The American way of communication has been said to be unique to that particular nation. When I go to the States, people say hello to me on the lift, waiters state their names aloud when I sit in a restaurant. In meetings, people articulate their background with lengthy words.
In other societies, it is usually considered a bad taste to be so explicit. In Japan, people rely on an implicit understanding of the social norms and aesthetics, which are seldom mentioned. In the United Kingdom, where I did my postdoc for two years, the American way of stating everything was kind of looked down. Some people thought that it was a manifestation of a lack of wisdom.
But things are changing.
The reason why the American mannerism developed over the years, of course, is to be found in the social construction of the nation. The American society is made up of people from various backgrounds. No matter what your ancestor's nationality was, whether you are an immigrant or a native-born citizen, you are a "typical" American. With such a variety of backgrounds and cultural traits, it became necessary to state the very assumptions and paradigms that frame your actions and value systems in a explicit way. Otherwise people don't understand you.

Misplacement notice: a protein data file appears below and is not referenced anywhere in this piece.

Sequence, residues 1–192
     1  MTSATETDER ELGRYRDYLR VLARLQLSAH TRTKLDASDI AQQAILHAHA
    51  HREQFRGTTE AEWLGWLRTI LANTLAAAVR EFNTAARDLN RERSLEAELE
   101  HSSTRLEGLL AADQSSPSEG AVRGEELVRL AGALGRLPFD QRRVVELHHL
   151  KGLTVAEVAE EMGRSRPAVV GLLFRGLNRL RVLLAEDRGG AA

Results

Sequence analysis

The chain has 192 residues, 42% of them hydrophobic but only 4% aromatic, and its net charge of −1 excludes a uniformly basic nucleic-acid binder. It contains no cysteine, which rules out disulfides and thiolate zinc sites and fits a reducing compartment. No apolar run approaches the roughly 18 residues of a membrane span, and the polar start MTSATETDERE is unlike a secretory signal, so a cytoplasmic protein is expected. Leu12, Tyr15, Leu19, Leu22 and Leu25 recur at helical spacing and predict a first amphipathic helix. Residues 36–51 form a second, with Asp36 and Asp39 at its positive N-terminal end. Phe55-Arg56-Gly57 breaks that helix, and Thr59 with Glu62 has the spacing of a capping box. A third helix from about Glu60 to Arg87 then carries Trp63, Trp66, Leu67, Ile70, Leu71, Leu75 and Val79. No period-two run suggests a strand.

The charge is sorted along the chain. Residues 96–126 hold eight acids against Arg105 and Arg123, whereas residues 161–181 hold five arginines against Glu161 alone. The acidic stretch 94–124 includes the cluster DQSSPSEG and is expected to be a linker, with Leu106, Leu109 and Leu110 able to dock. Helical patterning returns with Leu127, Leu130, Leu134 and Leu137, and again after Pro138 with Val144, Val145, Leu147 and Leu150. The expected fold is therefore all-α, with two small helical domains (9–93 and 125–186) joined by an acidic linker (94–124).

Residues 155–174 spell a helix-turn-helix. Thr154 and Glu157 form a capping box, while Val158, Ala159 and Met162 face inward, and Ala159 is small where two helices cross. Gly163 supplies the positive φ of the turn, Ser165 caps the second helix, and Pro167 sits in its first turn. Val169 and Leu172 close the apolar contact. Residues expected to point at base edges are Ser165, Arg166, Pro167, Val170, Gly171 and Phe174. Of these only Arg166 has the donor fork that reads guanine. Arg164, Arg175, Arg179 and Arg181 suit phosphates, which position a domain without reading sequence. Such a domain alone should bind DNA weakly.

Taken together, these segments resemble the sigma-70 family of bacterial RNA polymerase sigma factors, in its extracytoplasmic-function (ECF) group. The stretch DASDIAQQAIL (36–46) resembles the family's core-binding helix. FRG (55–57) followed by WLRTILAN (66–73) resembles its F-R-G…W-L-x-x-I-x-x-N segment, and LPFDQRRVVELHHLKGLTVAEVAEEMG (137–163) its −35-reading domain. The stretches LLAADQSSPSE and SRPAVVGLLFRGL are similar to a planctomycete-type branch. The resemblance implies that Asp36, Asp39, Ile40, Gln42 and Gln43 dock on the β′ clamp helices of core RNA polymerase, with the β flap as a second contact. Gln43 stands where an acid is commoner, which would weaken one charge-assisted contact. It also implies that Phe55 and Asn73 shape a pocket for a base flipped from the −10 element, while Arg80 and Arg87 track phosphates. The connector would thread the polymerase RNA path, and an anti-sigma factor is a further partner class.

With the advent of internet, things are changing. As more and more people start to interact within the small-world network, crossing over borders and less frequently language barriers to my regret, it is becoming necessary to state your background in a more explicit way.
In the cyberspace, the situation is much more "American" than the physical nation itself, in terms of the heterogeneity of people surfing the web. Maybe we should all start stating our names aloud and take pains in explaining everything that is tacitly assumed in the respective home society. We should, in a sense, all emulate the American way of being explicit. Otherwise we would probably miss the great revolution that is happening here and now in the cyberspace.